GRAMBLING, La. (AP) — Naquan Smith and his Grambling football teammates have no regrets about a nearly weeklong boycott that forced the university to forfeit its game against Jackson State on Saturday.
Grambling players stood behind Smith Monday during a press conference outside of the Eddie Robinson Museum on campus. Smith said the entire team was present and that the vote to return to the field was “100 percent.”
“The football team took a stance on what we thought was right,” Smith said. “We did not quit on our university. There are many problems that exist and if no one says anything, nothing will become of our institution. We hope coach Eddie Robinson and his legendary players appreciate we took a stand and thought we were right.”
Grambling’s players staged the boycott because of many issues with university leaders, including the school’s rundown facilities, long bus trips to road games and personnel decisions.
Grambling President Frank Pogue said Monday night that players would not face any repercussions for the boycott, and that the national attention would help publicize the funding plight for historically black colleges and universities like Grambling.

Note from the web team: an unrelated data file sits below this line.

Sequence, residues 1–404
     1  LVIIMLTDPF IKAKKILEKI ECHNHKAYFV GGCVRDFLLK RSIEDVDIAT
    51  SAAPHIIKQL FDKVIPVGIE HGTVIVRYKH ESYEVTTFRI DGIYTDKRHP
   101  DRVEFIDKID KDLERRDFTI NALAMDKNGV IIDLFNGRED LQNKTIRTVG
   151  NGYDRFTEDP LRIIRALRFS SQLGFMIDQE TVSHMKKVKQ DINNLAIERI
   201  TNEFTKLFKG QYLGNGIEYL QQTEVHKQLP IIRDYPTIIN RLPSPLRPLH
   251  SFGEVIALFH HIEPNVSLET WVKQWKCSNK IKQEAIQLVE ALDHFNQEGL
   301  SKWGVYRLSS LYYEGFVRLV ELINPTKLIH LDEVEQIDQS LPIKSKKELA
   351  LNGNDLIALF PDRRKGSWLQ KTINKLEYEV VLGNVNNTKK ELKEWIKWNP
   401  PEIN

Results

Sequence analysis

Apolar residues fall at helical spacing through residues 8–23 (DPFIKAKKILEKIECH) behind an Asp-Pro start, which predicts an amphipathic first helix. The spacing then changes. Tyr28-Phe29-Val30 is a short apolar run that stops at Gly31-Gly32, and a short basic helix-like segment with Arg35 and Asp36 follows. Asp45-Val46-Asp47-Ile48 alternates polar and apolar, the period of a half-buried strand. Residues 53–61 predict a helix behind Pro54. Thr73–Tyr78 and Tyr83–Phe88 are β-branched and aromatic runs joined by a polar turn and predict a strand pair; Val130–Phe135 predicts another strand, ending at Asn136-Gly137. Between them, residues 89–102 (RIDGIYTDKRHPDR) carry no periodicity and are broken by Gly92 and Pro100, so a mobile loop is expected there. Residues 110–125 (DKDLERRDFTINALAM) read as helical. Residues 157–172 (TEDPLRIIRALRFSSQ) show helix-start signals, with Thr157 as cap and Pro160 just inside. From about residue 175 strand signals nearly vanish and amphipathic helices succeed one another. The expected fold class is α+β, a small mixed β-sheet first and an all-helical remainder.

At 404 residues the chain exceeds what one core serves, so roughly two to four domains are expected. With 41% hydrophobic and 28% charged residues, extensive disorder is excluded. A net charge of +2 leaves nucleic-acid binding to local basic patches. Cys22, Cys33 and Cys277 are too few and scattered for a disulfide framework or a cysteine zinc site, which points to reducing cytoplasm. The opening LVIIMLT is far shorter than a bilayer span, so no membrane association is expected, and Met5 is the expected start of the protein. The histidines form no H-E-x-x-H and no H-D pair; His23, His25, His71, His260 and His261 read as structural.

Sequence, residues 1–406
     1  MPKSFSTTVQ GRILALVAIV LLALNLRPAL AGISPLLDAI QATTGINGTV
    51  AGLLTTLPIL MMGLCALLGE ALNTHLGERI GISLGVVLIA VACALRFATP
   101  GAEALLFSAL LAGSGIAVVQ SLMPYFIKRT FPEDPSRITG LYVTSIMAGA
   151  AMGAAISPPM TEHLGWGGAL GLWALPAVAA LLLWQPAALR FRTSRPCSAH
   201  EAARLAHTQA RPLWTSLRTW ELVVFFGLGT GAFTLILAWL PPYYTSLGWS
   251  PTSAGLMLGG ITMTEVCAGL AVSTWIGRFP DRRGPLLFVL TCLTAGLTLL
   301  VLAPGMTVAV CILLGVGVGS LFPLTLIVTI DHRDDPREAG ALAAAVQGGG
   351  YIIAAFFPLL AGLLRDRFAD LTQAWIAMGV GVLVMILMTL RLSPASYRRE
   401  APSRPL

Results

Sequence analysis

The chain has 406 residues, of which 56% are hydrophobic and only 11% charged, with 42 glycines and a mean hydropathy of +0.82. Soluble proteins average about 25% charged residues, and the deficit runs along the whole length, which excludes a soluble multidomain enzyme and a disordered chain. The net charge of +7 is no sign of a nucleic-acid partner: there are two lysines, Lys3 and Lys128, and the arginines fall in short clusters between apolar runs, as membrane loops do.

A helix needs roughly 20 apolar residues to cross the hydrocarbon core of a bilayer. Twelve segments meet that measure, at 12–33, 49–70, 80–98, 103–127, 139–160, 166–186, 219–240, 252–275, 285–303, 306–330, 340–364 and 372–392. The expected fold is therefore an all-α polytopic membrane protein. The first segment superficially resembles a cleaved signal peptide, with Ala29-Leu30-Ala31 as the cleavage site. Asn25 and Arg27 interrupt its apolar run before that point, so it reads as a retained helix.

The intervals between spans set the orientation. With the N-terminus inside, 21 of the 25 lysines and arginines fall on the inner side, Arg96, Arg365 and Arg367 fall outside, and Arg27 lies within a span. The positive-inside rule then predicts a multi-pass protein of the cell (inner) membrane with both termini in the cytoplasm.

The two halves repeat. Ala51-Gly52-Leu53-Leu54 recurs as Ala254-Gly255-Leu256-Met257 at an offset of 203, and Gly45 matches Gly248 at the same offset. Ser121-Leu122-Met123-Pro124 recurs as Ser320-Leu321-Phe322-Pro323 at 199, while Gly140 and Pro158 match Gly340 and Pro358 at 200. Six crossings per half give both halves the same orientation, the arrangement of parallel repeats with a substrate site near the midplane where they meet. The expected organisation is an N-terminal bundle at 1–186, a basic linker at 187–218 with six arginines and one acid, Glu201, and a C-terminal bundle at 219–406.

Pogue said work is already scheduled to be done to improve conditions in the football team’s weight room.
“We will continue to support our football team — our players,” Pogue said. “We will pay attention, obviously, as much as we can financially to enhance all the athletic facilities including those in football. My concern now is we move forward together. The students have expressed themselves, their opinions.”
Smith said players decided end the boycott after reaching out to several Grambling greats, including former coach Doug Williams, who advised them to, “Go out there and play football.”
Smith said Bernhard told players he has their “best intentions at heart and that he would ensure we had updated facilities, but we had to agree to being back practicing Monday ... and finish the remainder of our season.”